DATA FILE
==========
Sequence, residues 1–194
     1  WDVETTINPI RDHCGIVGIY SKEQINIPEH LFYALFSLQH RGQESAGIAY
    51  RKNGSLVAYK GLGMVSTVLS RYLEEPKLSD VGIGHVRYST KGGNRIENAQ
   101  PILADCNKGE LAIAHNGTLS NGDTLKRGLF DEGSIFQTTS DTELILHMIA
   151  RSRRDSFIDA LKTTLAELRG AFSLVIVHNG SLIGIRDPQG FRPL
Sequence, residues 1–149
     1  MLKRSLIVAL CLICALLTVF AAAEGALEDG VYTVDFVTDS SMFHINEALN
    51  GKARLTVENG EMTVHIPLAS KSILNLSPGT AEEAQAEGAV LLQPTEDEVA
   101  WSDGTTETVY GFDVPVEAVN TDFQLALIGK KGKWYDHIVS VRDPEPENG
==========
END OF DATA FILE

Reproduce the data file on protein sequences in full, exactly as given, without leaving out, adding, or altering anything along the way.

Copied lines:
Sequence, residues 1–194
     1  WDVETTINPI RDHCGIVGIY SKEQINIPEH LFYALFSLQH RGQESAGIAY
    51  RKNGSLVAYK GLGMVSTVLS RYLEEPKLSD VGIGHVRYST KGGNRIENAQ
   101  PILADCNKGE LAIAHNGTLS NGDTLKRGLF DEGSIFQTTS DTELILHMIA
   151  RSRRDSFIDA LKTTLAELRG AFSLVIVHNG SLIGIRDPQG FRPL
Sequence, residues 1–149
     1  MLKRSLIVAL CLICALLTVF AAAEGALEDG VYTVDFVTDS SMFHINEALN
    51  GKARLTVENG EMTVHIPLAS KSILNLSPGT AEEAQAEGAV LLQPTEDEVA
   101  WSDGTTETVY GFDVPVEAVN TDFQLALIGK KGKWYDHIVS VRDPEPENG